It was then that I told her about my mother, and all the times that she promised "ten fold", and all the times it truly did come back to me. I even taught my children the same thing, and I shared with her the example of when my children looked at me in awe the time it came true for them. Years ago, when I worked for the Boys and Girls club, It was Halloween,and I asked the kids at the club (inner city, very poor children, often with dismal home lives) if they were going to go trick or treating. Most of them said they didn't go because their folks wouldn't take them. I'm not sure why; I never asked, but I went home and told my children who have always had the privelage of a safe neighborhood, a mom who would help them make costumes, and a dad who would safely take them around. I asked my kids to give their candy to the kids at the club since they didn't get go, and promised them it would come back ten fold. I don't know about you, but I would NEVER have parted with all of my candy loot when I was 8 years old. But my boys did, and never complained. The kids at the club were thrilled of course, and a few even sent notes of thanks home to my kids. Not a week had passed when my son came home after school with a big grin on his face saying that I was right, the ten fold worked! It seems that at some point he had entered a contest at the library, a raffle, and his name was drawn as the winner. The prize: a giant bag of candy.
I was thrilled that my kids were shown in such an obvious way about the rewards of giving, because they believe it to be true to this day. They still tell the ten fold story to others as they were just as awed as I by it.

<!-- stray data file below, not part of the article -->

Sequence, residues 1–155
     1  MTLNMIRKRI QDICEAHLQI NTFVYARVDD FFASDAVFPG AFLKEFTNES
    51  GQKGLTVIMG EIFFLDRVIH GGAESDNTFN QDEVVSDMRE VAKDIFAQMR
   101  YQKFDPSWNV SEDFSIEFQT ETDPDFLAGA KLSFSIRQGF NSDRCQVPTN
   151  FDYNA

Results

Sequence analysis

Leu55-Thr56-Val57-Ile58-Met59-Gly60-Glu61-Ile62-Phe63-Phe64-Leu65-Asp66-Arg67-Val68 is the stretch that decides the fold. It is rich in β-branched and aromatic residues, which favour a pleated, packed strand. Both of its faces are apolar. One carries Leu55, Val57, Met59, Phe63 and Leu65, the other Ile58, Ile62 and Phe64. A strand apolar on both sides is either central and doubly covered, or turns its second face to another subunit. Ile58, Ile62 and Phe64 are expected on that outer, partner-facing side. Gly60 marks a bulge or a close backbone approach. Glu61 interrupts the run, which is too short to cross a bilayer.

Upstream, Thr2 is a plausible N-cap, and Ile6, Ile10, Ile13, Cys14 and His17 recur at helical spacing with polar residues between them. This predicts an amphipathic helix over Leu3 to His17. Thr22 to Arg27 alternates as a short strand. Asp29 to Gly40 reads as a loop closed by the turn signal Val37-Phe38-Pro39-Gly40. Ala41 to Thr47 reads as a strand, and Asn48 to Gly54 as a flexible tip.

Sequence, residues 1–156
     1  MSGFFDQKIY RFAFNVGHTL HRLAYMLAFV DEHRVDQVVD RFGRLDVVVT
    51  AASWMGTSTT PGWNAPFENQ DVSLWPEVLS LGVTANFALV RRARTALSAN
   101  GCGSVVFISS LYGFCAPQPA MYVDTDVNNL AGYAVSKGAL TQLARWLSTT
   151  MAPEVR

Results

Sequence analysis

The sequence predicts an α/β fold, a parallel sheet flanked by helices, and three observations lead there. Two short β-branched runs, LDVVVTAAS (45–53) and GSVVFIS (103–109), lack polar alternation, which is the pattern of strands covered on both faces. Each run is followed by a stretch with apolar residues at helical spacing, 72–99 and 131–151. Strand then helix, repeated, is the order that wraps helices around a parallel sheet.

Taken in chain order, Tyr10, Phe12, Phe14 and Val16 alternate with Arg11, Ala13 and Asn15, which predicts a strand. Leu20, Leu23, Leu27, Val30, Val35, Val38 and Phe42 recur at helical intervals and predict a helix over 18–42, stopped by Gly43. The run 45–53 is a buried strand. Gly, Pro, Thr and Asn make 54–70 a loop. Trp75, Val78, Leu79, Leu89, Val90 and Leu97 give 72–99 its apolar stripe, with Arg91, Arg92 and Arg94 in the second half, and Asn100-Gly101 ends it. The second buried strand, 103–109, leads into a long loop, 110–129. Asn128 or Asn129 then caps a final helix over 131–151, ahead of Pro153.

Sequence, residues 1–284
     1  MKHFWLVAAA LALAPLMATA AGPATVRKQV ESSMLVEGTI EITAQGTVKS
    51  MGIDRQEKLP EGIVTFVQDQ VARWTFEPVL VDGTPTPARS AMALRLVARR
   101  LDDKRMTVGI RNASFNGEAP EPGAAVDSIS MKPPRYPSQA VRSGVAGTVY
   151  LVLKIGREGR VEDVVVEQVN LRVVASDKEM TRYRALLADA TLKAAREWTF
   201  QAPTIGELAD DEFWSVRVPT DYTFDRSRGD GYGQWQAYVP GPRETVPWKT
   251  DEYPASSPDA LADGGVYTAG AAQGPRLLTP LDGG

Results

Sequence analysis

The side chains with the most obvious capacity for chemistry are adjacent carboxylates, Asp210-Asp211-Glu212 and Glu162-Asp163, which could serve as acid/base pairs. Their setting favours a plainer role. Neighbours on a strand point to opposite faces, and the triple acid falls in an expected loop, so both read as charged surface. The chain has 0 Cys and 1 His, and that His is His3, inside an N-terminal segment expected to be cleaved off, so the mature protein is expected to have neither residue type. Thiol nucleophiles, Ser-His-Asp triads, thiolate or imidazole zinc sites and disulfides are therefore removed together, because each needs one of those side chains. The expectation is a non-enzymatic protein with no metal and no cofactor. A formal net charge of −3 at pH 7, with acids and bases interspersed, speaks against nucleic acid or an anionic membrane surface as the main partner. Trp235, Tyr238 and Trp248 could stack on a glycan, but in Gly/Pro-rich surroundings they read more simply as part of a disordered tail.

The event for my friend was a resounding success and Kelly and I went back to the business of life and art. We had to play "catch-up" for all the time we had devoted to the event, and life went on. We forgot about the loss of time and felt rewarded by the success and sheer joy we saw on our friend Scott's face during his fundraiser. Then things started to happen, good things, for both of us in ways that mattered to our own individual lives. I'm hoping Kelly will write her own ten fold blog and share her stories, but I can assure you, they are huge when it comes to what she wants for her career and life. My rewards have been interesting as well. First, I have been selling a lot more art work, and one collector (a complete stranger) did the unheard of. She purchased my painting for my asking price and then paid me 4 times the price, saying that she felt it was worth it. I was flabbergasted and grateful. Then I thought to myself: ten fold. I have also been asked to do a workshop, my first ever, at the local college, getting paid a ridiculously high amount of money for the time I have to work AND with a promise of a show in January in their gallery. Yep, ten fold.